This file contains setup information that can be quite useful, but it must be the exact same name (except for the extension) as the name of the executable. So in our case we created in the previous step of this tutorial the file Tutorial.exe, we need a Tutorial.ini.
The following information should be contained in this file (and based on aspects of any real-world projects you create, you may need other settings in the .INI as well). One way to create a .INI file is to simply type, in the command window:
modi comm Tutorial.ini
This will put you in the dB2K source editor. You should have the following in your .INI (the EPOCH setting is up to you, but 1950 is a good date for it ...):
[CommandSettings] EPOCH=1950 [OnOffCommandSettings] CENTURY=ON LDCHECK=OFF BELL=OFF TALK=OFF [CommandWindow] Open=1 Maximized=0 Minimized=1 [Toolbars] Standard=0 Format=0 [ComponentTypes] ComponentTypeNumeric=1 ComponentTypeDate=1 ComponentTypeLogical=0 ComponentTypeMemo=0 ComponentTypeBinary=0 ComponentTypeOLE=0 ComponentTypeNumericForTables=1 ComponentTypeDateForTables=1 ComponentTypeLogicalForTables=0 ComponentTypeMemoForTables=0 ComponentTypeBinaryForTables=0 ComponentTypeOLEForTables=0 [Desktop] Maximized=1 [ObjectPath] objpath0="\dB2KTutorial\deploy\objects"
Save this file and exit the Source Editor.
The tutorial application is now ready to run outside the dB2K development environment. So, the next thing we need to do is deploy our application to another computer. In order to do this, however, we must first collect all the files that needed to be deployed and place them in a common location.
We are going to use the folder called "Deploy" which is a subfolder of c:\dB2KTutorial. The Deploy folder was created back in Phase I when you unzipped the tutorial files onto your computer. In that folder there are a few utilities that we will be using.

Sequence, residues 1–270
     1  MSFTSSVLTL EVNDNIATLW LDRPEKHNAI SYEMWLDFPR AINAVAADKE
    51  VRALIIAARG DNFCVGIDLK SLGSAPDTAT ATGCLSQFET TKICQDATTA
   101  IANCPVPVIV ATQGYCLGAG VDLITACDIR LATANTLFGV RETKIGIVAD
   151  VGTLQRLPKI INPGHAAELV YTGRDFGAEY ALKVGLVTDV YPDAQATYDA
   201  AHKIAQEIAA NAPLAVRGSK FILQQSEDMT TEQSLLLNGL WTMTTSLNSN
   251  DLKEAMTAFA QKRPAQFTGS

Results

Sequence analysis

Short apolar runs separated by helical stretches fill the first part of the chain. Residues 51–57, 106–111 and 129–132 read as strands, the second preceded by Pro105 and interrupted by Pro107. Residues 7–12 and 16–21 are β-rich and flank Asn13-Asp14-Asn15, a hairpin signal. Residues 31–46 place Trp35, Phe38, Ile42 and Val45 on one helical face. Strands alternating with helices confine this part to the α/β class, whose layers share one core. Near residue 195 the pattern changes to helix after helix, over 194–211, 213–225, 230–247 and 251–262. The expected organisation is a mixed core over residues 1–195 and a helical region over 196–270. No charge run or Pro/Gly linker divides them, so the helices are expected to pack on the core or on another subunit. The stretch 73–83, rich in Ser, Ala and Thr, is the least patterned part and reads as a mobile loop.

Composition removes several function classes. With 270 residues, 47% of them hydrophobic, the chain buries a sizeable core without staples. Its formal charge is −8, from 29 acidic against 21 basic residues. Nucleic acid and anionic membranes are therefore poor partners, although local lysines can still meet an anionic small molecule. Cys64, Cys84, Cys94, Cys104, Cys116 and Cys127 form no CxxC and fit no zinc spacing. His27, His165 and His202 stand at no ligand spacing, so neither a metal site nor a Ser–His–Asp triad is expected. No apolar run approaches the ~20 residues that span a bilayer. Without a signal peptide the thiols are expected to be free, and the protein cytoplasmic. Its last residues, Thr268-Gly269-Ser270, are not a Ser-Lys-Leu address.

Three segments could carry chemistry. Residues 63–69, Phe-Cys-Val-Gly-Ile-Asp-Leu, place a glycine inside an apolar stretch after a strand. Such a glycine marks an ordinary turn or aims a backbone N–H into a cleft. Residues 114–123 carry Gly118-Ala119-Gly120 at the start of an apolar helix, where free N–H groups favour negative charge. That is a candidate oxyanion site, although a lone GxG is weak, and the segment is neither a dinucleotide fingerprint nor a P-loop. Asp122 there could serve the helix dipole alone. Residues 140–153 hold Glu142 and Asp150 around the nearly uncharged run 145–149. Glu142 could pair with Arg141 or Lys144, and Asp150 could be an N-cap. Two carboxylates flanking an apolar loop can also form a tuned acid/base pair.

But first you should create three new folder under the Deploy folder. You can use Windows Explorer to do this. Name the first new folder "Root", the second "Objects" and the third "Tables". We need to copy our deployable files to these folders.
First we need to copy three files to the folder named "Root". With the Windows Explorer still running find "Tutorial.exe", "Tutorial.ini", and "Statements.sql" and drag (or otherwise copy) them to the Root folder. (You can select multiple files in Windows Explorer by holding down the Ctrl key when you click the mouse.) These files will be deployed to the main application folder on the client computer.
Next we will copy the object files. The Objects folder is where we will place all our application's object files. These files can be deployed to a subfolder on the client's PC or they can be stored on a file server.
One easy way to copy the object files is to arrange the Windows Explorer icons by "type". Select the "View" Menu item, then select "Arrange Icons | by Type". All the dB2K object files are now grouped together. You can begin by selecting genericMDIapp.co and the datamodule objects. Coping these files to the Objects folder:
Next are the Form objects. Select and copy these files.
Following the form files is the Customer Labels, Tutorial Menu, and four Report fields. These should also be copied.
The final four object files are compiled PRGs. We do not need to deploy Configure.pro nor tutorial.pro, but we do need setup.pro and start.pro. So copy these last two files to the Objects folder.
There is one additional files in \dB2KTutorial that must be copied to the Objects folder. That file is mugs.ico which is the icon file used on our forms.